Blood withdrawal systems with the lancet drive described in U.S. Pat. No. 5,318,584 are used extensively. The users in particular appreciate the unsurpassed low level of pain. The core element of this drive is a rotor the rotor axis of which coincides with the longitudinal axis of the oblong (pencil-shaped) device. This rotor is driven by a coaxial spiral spring. Its rotational movement is converted to the required translational movement of the lancet by means of a cam control. The design of the cam control allows to cock the device without protrusion of the lancet tip from the housing. The rotation of the rotor around the longitudinal axis of the device minimies vibrations and stabilizes the puncturing process. However, the design consists of many parts with complicated shapes and therefore it is rather expensive. A newer version of a blood withdrawal system with a rotor rotating around the longitudinal axis is described in EP 1034740 A1.
In EP 1090584 A2 a further design of the rotor principle is described which reduces the constructive expense by using a drive rotor with a special shape, wherein the rotation of the rotor is caused by the force of the drive spring pressing against a correspondingly shaped pressure surface of the drive rotor. In this case too, the movement of the drive rotor is converted into a corresponding movement of the lancet by means of a cam control. This design requires a relatively wide housing form which is considered unfavorable by many users.
In spite of the extensive development work resulting in the designs mentioned and several further designs, there is substantial interest in a blood withdrawal system which complies with all the following requirements, which are partially contradictory:
A substantial progress in this respect is obtained with the blood withdrawal system according to the invention which comprises a housing with an outlet opening for the tip of a lancet which is moveable in the housing along a predetermined puncture path, a lancet guide, guiding the lancet on the predetermined puncture path, and a lancet drive, converting a movement of a drive element, after the actuation of a trigger, into the puncturing movement in which the lancet is moved with high speed along the predetermined puncture path in the puncturing direction, until its tip protrudes from the outlet opening. The lancet drive comprises a plural lever coupling mechanism forming a connection between the drive element and the lancet during the puncturing movement and comprising two levers connected to each other by means of a first swivel joint. One of the levers is coupled, at the end directed towards the lancet, to the lancet by means of a second swivel joint. The second lever comprises, at the end directed away from the lancet, a third swivel joint. During the puncturing movement, the plural lever coupling mechanism is moved from a first bent position corresponding to the cocked state of the lancet drive, via a straight position corresponding to the maximum puncturing depth, into a second bent position corresponding to the relaxed state of the lancet drive. During the cocking movement, it is moved from the second bent position via the straight position to the first bent position. The freedom of movement of the lancet during the cocking movement is limited in such a manner that the lancet tip does not protrude from the outlet opening. The third swivel joint is fixed to a moveable bearing part which during the cocking process moves in the housing in opposite direction to the puncturing direction. The freedom of movement of the bearing part is during the puncturing movement limited in the direction opposite to the puncturing direction.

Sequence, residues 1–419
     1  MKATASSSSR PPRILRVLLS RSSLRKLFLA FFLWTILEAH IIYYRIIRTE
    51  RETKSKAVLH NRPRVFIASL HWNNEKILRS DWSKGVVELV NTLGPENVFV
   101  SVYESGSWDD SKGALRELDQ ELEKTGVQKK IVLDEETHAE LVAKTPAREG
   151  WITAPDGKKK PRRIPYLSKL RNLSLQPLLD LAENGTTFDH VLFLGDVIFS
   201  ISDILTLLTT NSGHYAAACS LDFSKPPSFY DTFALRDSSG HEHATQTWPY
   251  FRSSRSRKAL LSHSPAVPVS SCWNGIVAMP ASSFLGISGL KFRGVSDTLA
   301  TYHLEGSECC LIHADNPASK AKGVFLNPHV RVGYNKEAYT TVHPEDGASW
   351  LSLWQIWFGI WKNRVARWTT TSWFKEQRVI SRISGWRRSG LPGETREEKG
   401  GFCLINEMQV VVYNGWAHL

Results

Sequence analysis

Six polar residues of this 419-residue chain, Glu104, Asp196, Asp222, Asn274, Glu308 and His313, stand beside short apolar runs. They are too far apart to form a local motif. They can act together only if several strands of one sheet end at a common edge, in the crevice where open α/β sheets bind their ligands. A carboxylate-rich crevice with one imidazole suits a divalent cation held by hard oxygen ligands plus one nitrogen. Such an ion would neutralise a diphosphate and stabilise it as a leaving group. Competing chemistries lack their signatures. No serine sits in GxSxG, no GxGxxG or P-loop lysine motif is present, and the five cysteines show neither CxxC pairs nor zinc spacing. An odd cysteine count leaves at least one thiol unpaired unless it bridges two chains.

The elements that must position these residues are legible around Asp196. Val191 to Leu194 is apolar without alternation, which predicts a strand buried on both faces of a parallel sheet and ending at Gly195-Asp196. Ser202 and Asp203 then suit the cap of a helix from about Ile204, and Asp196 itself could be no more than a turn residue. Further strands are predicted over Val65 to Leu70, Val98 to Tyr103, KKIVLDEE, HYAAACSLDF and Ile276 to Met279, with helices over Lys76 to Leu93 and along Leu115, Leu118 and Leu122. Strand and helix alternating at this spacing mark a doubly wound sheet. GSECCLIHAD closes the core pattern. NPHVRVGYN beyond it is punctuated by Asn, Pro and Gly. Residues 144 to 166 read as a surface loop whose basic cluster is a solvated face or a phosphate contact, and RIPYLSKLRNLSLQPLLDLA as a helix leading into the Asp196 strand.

Contrary to the described recent development, the invention refers back to the design described in EP 0458451 A1, in which the connection between the drive spring (or another appropriate drive element) and the lancet is formed by two levers, which are connected to one another and to the lancet by swivel joints (similar to a toggle joint)
In the scope of the present invention, the term “lever” designates a constructive element which is rigid and which forms a connection between two force application points each of which is a swivel joint. The design shown in EP 0458451 A1, in which the levers are shaped as rods extending between the swivel axes, is only one of several possibilities. Other shapes are also possible for the realization of the lever components, as will be explained later.
According to the invention, the lancet and the bearing part, to which the rear end of the coupling mechanism is linked, are subject to different movement restrictions during the different movement phases.
The practical evaluation of the invention has shown that this combination of measures allows to use a plural lever coupling mechanism—so far only in practical use for simple disposable systems—in a high quality product having very positive characteristics with respect to the previously explained requirements.
The invention is hereafter described in more detail by reference to the embodiments shown in the figures. The features described can be used individually or in any combination to create preferred embodiments of the invention.
In the figures
The blood withdrawal system 1 comprises a puncturing device 2 (only partially shown in
During the puncturing and retraction movement, the lancet 3 is coupled (in the shown embodiment indirectly via the lancet holder 4) to a lancet drive 10, which essentially consists of a drive element 11 and a power transmission coupling mechanism, in the case of the invention a plural lever coupling mechanism 12. In the embodiments shown in
In the embodiment shown in
The freedom of movement of the bearing part 20 within the bearing part guide 21 is limited in the puncturing direction (towards the front side) by a stop 28, and elastically limited against the puncturing direction (towards the rear) by a pressure spring 29, which is supported at one end by the bearing part 20 and at the other end by a component 30 fixed (at least against the puncturing direction) to the housing. Preferably, the pressure spring 29 is pretensioned, i.e. it exercises a pressure force even if it is in the position of its maximum expansion (movement positions a, c and d).